The first thing we need to think about is the Foundations; think of a new house being built. The first thing to be designed and put in place are the foundations, they are probably the most integral part of any build. Without a solid and secure foundation nothing can be built, and when it is built without a foundation it will slip, slide and eventually collapse - so that's no good. With a foundation though the house will be solid, in years to come extensions and conservatories can be added, maybe a balcony if you're lucky, it may have a loft conversion, 2 rooms knocked into one ... so you see on a solid foundation a great house is built which can continually evolve - without the foundation a site eventually collapses and a new build is required.

In terms of a website there are 2 very important aspects of a foundation, the technical and the personal.

    Technical Aspects of a Foundation This can be seen as the actual website itself, if you don't start with a decent website there is no amount of evolution that can save your site. However, there are 3 things you should check for when laying this part of the foundation.

    The Content Management System is separated from the template files.

    Both the Template and CMS use up to date code and (if possible) semantically correct.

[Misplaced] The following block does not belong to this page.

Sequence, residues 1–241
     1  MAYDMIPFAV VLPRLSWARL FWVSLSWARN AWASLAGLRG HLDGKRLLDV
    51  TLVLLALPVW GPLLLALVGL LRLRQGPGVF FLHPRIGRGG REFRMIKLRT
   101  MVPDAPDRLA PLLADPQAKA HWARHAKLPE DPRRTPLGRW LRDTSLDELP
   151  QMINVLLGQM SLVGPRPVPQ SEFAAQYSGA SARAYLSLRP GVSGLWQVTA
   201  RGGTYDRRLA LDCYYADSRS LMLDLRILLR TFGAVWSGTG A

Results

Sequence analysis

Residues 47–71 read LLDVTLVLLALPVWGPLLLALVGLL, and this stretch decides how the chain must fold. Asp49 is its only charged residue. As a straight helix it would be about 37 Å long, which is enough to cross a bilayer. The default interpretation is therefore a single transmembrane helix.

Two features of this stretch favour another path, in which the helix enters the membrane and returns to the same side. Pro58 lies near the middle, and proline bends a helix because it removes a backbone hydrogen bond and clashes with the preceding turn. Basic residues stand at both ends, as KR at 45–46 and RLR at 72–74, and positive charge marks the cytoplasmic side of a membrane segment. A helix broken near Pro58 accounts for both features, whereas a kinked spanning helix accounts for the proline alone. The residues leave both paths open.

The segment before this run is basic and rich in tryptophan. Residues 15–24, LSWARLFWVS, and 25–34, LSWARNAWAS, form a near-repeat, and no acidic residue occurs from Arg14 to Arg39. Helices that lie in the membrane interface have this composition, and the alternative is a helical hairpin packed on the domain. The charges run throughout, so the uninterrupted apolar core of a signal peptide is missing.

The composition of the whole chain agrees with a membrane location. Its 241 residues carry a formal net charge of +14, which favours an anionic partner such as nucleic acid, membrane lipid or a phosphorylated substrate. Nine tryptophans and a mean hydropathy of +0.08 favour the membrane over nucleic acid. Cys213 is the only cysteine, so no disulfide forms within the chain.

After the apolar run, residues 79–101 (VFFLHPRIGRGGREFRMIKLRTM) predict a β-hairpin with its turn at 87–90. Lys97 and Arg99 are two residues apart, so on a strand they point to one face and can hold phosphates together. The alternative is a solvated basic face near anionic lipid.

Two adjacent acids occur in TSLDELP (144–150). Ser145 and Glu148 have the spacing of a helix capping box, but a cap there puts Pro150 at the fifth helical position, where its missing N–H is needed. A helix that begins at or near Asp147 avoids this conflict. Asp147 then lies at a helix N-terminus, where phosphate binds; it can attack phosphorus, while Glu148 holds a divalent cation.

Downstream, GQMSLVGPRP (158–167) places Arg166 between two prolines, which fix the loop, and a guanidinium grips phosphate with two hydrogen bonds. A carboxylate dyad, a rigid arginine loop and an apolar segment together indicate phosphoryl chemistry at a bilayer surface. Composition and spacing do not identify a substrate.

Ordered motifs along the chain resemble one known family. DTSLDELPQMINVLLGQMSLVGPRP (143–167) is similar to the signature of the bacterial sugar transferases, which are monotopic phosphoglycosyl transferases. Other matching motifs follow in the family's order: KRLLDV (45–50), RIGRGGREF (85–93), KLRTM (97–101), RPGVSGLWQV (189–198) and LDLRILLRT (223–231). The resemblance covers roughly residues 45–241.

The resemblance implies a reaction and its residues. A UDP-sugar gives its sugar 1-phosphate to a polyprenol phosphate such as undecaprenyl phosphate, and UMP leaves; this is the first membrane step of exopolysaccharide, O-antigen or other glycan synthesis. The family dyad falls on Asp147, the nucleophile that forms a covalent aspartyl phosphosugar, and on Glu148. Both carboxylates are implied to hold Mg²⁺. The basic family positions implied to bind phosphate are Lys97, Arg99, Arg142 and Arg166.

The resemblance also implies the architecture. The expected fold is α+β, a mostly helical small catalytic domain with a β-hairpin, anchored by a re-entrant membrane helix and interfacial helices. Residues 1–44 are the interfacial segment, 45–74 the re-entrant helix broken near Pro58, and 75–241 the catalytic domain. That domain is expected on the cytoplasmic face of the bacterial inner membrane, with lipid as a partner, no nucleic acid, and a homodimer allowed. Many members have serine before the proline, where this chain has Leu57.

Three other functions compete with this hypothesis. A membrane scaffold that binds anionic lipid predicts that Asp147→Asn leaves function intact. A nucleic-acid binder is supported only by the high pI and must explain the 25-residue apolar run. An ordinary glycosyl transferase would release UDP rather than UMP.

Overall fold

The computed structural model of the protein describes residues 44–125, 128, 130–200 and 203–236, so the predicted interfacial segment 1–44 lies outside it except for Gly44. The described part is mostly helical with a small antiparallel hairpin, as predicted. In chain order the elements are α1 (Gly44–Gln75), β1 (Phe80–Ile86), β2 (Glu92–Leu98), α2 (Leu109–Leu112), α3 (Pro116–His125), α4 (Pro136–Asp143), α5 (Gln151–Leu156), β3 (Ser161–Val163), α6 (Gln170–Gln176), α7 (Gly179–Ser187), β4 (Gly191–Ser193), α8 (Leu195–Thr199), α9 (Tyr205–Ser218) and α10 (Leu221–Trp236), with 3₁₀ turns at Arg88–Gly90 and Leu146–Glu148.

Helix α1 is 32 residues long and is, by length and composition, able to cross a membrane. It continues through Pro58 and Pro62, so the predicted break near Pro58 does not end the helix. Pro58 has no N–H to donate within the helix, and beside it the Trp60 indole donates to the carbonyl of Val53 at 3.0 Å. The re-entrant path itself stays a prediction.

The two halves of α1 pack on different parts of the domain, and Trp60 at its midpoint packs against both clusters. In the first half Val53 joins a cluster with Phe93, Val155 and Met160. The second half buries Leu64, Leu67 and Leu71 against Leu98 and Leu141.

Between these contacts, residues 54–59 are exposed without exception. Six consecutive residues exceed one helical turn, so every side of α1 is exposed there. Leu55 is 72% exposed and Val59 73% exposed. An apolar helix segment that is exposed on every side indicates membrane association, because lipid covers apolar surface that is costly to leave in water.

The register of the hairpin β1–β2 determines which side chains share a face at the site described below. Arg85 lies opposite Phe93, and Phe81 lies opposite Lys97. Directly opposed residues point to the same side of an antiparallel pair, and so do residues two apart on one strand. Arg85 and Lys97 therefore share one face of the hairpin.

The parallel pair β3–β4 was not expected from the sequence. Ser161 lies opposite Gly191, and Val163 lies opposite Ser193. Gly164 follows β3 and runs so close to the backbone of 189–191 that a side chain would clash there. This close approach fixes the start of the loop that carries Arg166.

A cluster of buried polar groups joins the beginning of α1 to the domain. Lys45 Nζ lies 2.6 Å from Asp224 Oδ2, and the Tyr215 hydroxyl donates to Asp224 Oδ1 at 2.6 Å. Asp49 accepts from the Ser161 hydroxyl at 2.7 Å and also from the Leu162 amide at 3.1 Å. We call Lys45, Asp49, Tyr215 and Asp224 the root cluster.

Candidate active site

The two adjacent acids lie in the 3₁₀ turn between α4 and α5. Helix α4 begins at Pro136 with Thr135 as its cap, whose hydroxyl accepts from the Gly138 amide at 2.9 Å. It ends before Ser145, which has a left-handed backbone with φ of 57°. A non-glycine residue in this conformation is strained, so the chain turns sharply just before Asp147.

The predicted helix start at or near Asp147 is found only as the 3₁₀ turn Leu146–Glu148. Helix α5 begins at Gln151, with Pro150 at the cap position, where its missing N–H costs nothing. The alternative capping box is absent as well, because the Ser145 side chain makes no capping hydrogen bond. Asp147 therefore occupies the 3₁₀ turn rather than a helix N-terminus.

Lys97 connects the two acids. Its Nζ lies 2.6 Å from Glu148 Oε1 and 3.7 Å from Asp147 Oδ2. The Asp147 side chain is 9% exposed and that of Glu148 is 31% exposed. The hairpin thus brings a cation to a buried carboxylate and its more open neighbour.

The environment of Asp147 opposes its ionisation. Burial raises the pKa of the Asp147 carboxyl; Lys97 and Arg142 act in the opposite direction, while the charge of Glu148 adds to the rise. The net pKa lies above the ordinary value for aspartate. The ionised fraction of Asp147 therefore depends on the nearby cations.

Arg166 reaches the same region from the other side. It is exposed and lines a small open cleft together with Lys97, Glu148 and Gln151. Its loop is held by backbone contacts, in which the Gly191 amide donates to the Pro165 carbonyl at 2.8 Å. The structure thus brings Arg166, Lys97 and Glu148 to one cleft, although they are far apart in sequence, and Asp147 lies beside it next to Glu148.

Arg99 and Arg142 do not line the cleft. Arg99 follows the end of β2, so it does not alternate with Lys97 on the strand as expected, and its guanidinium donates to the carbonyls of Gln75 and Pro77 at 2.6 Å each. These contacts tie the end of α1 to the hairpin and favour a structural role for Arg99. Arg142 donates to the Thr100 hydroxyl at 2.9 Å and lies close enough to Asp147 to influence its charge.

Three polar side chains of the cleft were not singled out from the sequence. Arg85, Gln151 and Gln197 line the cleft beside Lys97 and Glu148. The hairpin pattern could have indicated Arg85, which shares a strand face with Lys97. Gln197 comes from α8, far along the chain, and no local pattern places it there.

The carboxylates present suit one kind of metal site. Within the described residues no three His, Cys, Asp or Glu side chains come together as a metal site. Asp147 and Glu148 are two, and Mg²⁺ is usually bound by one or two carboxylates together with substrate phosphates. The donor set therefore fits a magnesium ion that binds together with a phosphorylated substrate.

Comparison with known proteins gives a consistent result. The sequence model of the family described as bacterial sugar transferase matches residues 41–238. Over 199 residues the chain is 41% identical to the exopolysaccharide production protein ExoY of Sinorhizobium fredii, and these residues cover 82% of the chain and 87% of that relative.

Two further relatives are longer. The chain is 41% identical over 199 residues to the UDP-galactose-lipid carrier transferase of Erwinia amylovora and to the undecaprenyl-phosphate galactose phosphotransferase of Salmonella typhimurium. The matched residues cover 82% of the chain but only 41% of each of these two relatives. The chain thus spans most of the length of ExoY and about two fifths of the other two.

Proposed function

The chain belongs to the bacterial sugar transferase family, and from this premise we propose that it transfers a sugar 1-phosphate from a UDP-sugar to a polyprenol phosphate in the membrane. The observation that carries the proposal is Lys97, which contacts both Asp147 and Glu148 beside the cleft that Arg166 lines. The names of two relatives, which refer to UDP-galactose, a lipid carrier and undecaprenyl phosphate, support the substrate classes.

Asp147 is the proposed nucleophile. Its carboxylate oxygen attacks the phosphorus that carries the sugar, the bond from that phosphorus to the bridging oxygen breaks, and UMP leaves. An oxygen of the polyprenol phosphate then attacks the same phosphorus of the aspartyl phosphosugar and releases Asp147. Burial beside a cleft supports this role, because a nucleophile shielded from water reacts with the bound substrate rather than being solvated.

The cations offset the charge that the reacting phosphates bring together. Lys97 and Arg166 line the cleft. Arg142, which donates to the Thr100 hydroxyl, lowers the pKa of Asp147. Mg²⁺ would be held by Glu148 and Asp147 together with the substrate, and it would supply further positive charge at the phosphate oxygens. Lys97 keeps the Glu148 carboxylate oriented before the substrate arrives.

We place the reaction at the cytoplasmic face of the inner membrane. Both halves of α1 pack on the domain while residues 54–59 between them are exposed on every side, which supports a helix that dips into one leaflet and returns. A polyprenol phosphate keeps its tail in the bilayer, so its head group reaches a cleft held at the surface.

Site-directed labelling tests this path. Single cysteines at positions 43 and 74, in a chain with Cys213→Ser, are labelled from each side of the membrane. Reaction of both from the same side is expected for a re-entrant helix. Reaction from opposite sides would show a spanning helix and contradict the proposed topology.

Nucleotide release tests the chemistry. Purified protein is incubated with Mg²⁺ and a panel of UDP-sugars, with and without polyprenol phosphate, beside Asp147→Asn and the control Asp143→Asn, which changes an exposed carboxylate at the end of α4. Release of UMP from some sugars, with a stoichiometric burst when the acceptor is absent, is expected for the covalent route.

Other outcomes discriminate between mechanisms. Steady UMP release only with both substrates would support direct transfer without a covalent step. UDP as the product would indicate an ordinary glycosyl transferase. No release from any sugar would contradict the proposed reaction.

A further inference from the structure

Ensure that the website designer comments code appropriately in case s/he isn't the person who will be updating the site - code must be accessible.

    The Personal Aspect of the Foundation Relationships are key to any website, the website owner (plus business owner if a different person) should get on with the web designer - and as such make a cohesive team. If they on the other hand do not get on then the website owner won't get full value for money and eventually the relationship will break down - which in turn could break the solid foundations of a website (which is why the third point above is important). A strong relationship is about working together and not separately,  you may work for different companies but you are still a team looking after your website - it is for both parties to make the effort, website don't improve if just one part of the relationship is doing the work.